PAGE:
Talladega College's marching band was among 40 organizations invited
The school's band was started in 2012
The president of a historically black college in Alabama has yet to decide whether the school’s marching band will perform at President-elect Donald Trump’s inaugural parade, a college spokeswoman said Wednesday.
The Talladega College Marching Tornadoes band was among 40 organizations that accepted an invitation to take part in the inaugural parade after the January 20 swearing in, according to an initial list released Friday by Trump’s inaugural committee.
The possibility that the band from the 149-year-old college, founded by former slaves in the small town of Talladega, could perform sparked controversy – and resulted in two dueling petitions.
College President Billy C. Hawkins has the petitions – one organized by a current student in favor of performing and the other by a Talladega graduate against taking part – CNN affiliate WVTM reported.
Hawkins was expected to announce his decision Wednesday, school spokesman Greg Wilson told CNN. But another school official, spokeswoman Veronica Clark-Holland, told CNN late Wednesday that any decision was unlikely to be announced during the evening.
Clark-Holland said Hawkins had been meeting with board members all day, but no decision had been reached. Hawkins was scheduled to appear Wednesday on “CNN Tonight” with Don Lemon, but canceled the appearance.
Appearance of supporting Trump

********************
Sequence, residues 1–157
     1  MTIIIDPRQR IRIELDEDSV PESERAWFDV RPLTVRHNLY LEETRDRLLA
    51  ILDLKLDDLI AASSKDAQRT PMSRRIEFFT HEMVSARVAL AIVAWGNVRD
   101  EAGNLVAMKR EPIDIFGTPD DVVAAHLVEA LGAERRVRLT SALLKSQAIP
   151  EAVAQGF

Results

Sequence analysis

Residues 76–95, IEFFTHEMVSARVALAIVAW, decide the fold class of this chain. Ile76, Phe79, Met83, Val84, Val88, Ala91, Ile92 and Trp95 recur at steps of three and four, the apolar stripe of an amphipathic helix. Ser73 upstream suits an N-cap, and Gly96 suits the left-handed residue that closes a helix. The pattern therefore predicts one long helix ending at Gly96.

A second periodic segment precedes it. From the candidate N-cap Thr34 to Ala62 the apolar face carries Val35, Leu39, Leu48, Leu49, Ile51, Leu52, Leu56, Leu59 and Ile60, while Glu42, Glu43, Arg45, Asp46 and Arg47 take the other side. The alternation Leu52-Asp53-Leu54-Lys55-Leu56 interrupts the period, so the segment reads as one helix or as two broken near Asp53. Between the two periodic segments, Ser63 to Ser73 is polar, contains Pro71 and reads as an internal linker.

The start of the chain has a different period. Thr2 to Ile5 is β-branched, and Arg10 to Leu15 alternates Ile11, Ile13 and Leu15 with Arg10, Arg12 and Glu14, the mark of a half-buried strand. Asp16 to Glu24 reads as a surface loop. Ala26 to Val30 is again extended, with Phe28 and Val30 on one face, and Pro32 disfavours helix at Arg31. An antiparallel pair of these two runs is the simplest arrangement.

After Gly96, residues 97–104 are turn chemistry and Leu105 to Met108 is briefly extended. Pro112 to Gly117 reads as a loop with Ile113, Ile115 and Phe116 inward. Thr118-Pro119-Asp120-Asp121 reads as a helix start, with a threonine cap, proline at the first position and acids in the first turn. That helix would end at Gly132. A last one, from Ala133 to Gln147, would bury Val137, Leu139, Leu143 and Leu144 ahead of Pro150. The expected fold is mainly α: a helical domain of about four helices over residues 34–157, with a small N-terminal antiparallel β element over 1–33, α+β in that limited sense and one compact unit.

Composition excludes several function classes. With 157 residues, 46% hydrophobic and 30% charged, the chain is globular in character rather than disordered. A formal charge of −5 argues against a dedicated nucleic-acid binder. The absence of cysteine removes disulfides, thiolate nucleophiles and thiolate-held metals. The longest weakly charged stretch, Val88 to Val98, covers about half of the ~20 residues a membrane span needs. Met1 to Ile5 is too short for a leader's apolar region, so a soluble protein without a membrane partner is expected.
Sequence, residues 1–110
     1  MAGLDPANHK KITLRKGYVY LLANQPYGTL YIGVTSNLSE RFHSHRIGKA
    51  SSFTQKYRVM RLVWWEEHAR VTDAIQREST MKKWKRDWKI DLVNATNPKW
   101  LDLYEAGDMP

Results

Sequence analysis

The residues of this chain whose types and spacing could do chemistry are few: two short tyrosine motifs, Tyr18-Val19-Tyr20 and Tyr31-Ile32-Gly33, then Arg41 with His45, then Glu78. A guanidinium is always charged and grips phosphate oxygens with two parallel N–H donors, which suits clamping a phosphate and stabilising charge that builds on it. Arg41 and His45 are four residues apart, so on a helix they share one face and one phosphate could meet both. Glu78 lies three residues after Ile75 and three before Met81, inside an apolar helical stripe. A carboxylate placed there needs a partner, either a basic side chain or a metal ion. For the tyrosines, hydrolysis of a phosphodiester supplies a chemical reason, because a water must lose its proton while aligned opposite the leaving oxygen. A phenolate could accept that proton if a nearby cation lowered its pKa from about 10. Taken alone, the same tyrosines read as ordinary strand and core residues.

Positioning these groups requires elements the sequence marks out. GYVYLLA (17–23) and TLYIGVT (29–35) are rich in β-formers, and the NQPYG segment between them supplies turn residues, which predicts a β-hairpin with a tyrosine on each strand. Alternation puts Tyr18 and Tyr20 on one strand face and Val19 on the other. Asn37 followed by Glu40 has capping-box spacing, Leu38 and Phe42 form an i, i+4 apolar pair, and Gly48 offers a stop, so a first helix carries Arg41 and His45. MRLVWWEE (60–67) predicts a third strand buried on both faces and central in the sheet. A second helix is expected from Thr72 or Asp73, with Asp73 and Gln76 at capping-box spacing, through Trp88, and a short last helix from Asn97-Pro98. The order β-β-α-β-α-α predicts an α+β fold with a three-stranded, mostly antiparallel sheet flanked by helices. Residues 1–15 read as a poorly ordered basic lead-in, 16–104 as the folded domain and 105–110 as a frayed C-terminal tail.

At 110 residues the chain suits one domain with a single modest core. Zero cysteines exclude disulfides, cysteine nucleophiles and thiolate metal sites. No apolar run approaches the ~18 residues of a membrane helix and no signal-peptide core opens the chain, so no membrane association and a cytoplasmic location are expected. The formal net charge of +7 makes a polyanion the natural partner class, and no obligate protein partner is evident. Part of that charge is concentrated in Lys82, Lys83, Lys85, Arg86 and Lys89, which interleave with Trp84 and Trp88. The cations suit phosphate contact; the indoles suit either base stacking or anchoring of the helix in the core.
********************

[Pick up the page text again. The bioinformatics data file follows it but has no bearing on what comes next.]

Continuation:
A petition started by Shirley Ferrill, a 1974 graduate, calls on the band to “withdraw from any inaugural events for Donald Trump.”
“In view of his behavior and comments I strongly do not want Talladega College to give the appearance of supporting him,” she wrote. The petition had more than 900 supporters by Tuesday night.
Trump has made what many view as disparaging comments about people of color, including saying that Mexico was sending its worst citizens over the border.
“Some are good and some are rapists and some are killers. We don’t even know what we’re getting,” he said in 2015.
Trump has also used the word “ghettos” referring to the inner cities when he described issues faced by African-Americans in the starkest terms.
“The violence. The death. The lack of education. No jobs. We’re going to work with the African-American community and we’re going to solve the problem of the inner city,” he said in 2016. “We’re going to bring safety back. You can’t walk out on the street, you buy a loaf of bread and you end up getting shot.”
About ‘the experience’ students will get
In the second petition, Talladega student and band member Dollan Young wrote: “We believe that this parade is not about politics it’s about seeing first hand the process of a transition.”
Young wrote that taking part in the inaugural would not be in support of a political party, but rather “about the experience that the students will obtain.”
His petition had garnered close to 200 signatures by Tuesday night.
Another band member, Shylexis Robinson, told CNN affiliate WVTM she was excited and felt the performance would “put our school on the map.”